People's Party wants to see big changes


The rightwing Swiss People's Party, which made major gains in last week's general elections, is flexing its muscles to change faces in the seven-member cabinet.

This content was published on October 28, 2007 minutes

Ueli Maurer, the party's outgoing president, has called for the changes between now and 2009, in an interview with the NZZ am Sonntag newspaper.

After last week's election, in which the People's Party increased its seats in the House of Representatives by seven to 62, Maurer said that three cabinet members should go.

These were Environment and Transport Minister Moritz Leuenberger of the centre-left Social Democratic Party, Interior Minister Pascal Couchepin of the centre-right Radical Party and Defence Minister Samuel Schmid of the People's Party.

Maurer said his time schedule was realistic because some cabinet members could then serve their year as president of the country, an office that rotates and generally is taken in turn.

His remark was seen as a reference to Couchepin, who is due to serve as president next year. The vice-president in 2008 is expected to be Justice Minister Christoph Blocher, a figurehead of the People's Party.


Blocher's re-election to the cabinet and confirmation as vice-president are increasingly being seen as a formality.

Ursula Wyss, vice-president of the Social Democratic Party and head of its parliamentary group, said as a result of the general election – the party lost seven seats – no one from its ranks would stand against Blocher.

However, she told the SonntagsZeitung newspaper that the party's parliamentarians would not be voting for Blocher.

Wyss also said she considered the Radical Party, which lost five seats last week to be over-represented in the cabinet.

Both the Radicals and the centre-right Christian Democratic Party now have 31 seats but the Radicals occupy two cabinet seats while the Christian Democrats have one.

Wyss said she did not think that the Christian Democrats would put forward a candidate for a second cabinet seat in view of the party's minor election gains – three seats.

The Green Party, which has 20 seats in the house of Representatives, has not officially decided whether to enter a candidate for the cabinet election.

Quick changes

Maurer said the cabinet changes should be carried out quickly but warned that they would not take place if too much pressure were exerted.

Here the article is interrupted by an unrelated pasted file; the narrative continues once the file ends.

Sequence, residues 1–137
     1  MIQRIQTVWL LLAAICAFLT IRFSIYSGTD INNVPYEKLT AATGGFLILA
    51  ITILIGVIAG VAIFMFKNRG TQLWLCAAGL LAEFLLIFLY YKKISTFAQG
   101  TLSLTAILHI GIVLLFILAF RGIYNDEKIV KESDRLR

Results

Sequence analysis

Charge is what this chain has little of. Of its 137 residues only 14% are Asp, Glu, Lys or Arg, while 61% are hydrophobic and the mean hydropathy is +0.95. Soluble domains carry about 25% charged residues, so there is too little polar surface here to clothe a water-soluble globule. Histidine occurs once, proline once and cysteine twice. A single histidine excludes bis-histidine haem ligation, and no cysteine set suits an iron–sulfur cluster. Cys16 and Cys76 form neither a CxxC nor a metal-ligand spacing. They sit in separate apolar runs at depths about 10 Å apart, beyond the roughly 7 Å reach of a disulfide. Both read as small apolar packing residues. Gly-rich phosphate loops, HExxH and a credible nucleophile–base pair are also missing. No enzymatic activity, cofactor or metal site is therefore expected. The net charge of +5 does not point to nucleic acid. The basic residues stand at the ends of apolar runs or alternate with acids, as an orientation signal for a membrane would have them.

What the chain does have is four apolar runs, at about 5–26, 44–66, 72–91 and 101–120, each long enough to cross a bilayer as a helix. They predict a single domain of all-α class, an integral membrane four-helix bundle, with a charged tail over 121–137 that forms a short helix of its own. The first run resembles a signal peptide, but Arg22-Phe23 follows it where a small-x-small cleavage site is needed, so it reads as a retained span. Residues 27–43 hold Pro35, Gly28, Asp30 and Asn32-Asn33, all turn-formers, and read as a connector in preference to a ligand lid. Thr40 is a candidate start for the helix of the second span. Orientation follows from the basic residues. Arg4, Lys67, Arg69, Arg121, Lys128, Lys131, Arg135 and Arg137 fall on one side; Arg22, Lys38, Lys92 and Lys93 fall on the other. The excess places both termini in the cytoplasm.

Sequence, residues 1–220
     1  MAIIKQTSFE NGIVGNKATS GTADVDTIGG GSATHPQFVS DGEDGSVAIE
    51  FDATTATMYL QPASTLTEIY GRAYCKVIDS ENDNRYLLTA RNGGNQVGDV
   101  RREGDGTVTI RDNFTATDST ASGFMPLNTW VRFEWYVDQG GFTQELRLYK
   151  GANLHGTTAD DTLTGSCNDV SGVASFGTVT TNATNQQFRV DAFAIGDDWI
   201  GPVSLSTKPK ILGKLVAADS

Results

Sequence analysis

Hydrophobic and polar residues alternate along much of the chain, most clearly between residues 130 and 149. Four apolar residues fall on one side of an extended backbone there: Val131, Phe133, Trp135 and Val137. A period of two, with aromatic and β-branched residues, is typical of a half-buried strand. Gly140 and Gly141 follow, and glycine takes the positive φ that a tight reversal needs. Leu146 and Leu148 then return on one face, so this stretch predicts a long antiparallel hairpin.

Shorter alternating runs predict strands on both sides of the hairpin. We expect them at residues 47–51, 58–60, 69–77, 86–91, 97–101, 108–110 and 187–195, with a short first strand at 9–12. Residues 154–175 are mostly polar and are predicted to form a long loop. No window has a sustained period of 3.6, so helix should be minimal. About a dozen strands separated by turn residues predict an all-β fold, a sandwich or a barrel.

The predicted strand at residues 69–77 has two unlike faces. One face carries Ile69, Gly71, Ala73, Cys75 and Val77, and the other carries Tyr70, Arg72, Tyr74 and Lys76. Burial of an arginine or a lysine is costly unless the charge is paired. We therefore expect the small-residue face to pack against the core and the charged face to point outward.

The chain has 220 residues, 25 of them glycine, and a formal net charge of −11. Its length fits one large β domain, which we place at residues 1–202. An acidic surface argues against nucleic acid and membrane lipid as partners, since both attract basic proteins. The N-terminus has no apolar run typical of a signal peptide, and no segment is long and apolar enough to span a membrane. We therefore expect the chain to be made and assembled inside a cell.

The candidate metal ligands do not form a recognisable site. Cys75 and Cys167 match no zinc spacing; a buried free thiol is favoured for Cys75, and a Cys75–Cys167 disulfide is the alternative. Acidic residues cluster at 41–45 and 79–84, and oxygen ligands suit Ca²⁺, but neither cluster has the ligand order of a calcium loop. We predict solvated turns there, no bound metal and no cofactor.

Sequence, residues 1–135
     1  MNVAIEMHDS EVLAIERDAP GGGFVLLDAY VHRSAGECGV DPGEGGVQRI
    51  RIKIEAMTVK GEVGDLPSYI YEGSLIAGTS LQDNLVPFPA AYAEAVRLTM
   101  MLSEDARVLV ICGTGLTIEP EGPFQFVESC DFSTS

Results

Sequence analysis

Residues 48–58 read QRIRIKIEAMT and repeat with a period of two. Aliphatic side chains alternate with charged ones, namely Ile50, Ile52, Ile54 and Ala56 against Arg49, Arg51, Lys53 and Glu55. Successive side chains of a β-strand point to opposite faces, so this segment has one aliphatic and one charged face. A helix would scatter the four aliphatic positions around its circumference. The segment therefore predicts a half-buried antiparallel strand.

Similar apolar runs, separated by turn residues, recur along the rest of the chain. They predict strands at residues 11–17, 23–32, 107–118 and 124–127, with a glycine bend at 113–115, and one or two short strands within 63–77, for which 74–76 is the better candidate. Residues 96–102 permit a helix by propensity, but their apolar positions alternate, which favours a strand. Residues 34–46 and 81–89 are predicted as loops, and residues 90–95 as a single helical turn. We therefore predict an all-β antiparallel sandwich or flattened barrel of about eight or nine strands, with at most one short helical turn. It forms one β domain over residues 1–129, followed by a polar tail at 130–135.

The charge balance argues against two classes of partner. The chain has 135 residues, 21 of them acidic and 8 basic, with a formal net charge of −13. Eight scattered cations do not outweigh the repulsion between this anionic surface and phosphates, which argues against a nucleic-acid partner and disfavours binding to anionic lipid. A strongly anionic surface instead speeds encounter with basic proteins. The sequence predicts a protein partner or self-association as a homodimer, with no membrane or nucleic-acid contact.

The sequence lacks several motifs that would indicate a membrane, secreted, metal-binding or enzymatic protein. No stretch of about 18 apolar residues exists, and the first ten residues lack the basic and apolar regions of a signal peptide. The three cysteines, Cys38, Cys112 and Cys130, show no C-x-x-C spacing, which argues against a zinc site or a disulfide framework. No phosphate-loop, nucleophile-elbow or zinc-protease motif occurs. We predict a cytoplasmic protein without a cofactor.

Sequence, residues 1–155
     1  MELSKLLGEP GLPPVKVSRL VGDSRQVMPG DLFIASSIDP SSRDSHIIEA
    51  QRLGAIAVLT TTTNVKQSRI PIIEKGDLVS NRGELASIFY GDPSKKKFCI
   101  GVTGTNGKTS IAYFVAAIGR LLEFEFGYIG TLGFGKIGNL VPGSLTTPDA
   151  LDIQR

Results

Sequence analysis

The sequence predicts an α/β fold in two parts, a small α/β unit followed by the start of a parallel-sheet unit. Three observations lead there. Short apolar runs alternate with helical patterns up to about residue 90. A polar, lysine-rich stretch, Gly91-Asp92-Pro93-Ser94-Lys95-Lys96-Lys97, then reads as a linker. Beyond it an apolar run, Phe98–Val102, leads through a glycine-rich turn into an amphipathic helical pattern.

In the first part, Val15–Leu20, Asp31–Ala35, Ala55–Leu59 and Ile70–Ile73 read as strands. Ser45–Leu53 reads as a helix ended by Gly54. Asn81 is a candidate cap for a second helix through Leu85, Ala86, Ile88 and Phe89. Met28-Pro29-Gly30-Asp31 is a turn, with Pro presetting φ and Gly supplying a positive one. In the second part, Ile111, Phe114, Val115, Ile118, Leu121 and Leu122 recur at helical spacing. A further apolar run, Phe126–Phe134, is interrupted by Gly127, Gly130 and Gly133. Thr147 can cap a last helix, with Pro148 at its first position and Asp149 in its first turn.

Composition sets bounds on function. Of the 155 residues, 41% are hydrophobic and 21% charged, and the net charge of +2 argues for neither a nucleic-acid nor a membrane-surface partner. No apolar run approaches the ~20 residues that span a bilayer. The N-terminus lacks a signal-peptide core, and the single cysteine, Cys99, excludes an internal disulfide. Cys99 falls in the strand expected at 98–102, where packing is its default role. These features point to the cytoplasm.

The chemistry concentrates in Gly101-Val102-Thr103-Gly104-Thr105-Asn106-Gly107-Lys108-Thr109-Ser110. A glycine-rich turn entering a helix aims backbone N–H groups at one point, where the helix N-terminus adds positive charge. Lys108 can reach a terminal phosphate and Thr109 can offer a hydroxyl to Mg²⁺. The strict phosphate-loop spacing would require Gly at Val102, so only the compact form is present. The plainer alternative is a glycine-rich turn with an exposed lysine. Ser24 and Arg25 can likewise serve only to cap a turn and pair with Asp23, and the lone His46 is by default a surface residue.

He noted that Couchepin was under some pressure from not only the right wing of his party and Leuenberger's cabinet seat was not set in concrete.

Maurer said as soon as "there was movement" on the issue the People's Party would speak to Schmid about his seat. "Probably that will not take place this year," he commented.

One of the People's Party's strategists, Christoph Mörgeli of Zurich, has already called for Schmid to step down but Maurer said this position was going "farther than the party".

Schmid has repeatedly been criticised by some party members for not being hardline enough as a cabinet minister

In an interview with the Sonntag newspaper, Mörgeli spoke of a "People's Party decade" and a "conservative revolution" as goals after the general elections victory.

His "revolution" strategy calls for the ousting of Schmid, Leuenberger and Couchepin in the cabinet election on December 12, as well as the introduction of party hardliners in some Swiss institutions and media, including the Swiss Broadcasting Corporation.

swissinfo with agencies

Swiss People's Party and Social Democrats

The Swiss parliamentary elections took place on October 21.

The Swiss People's Party achieved the best result in its history, gaining seven seats in the House of Representatives. It now has 62 seats.

The Social Democratic Party lost nine seats in the chamber that represents the people and has 43 seats.

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Balance of power disturbed

A prominent member of the Social Democratic Party, Zurich mayor Elmar Lederberger, says the losses of his party in the elections were painful. He argued one issue had been forgotten in the aftermath – the role of Swiss cities in the next legislative period.

He noted in the Sonntag newspaper that 70% of the population lived in urban areas. "In the political distribution of power in Bern, this is not apparent. On the contrary," he said.

Ledergerber argued that cities were the "engines of Switzerland". The image of Switzerland abroad was shaped not only by the tourist regions, but also by Swiss towns and cities.

"It is decided in Basel, Geneva, Zurich or Lugano if Switzerland can keep its competitive edge... the balance of power has been disturbed."

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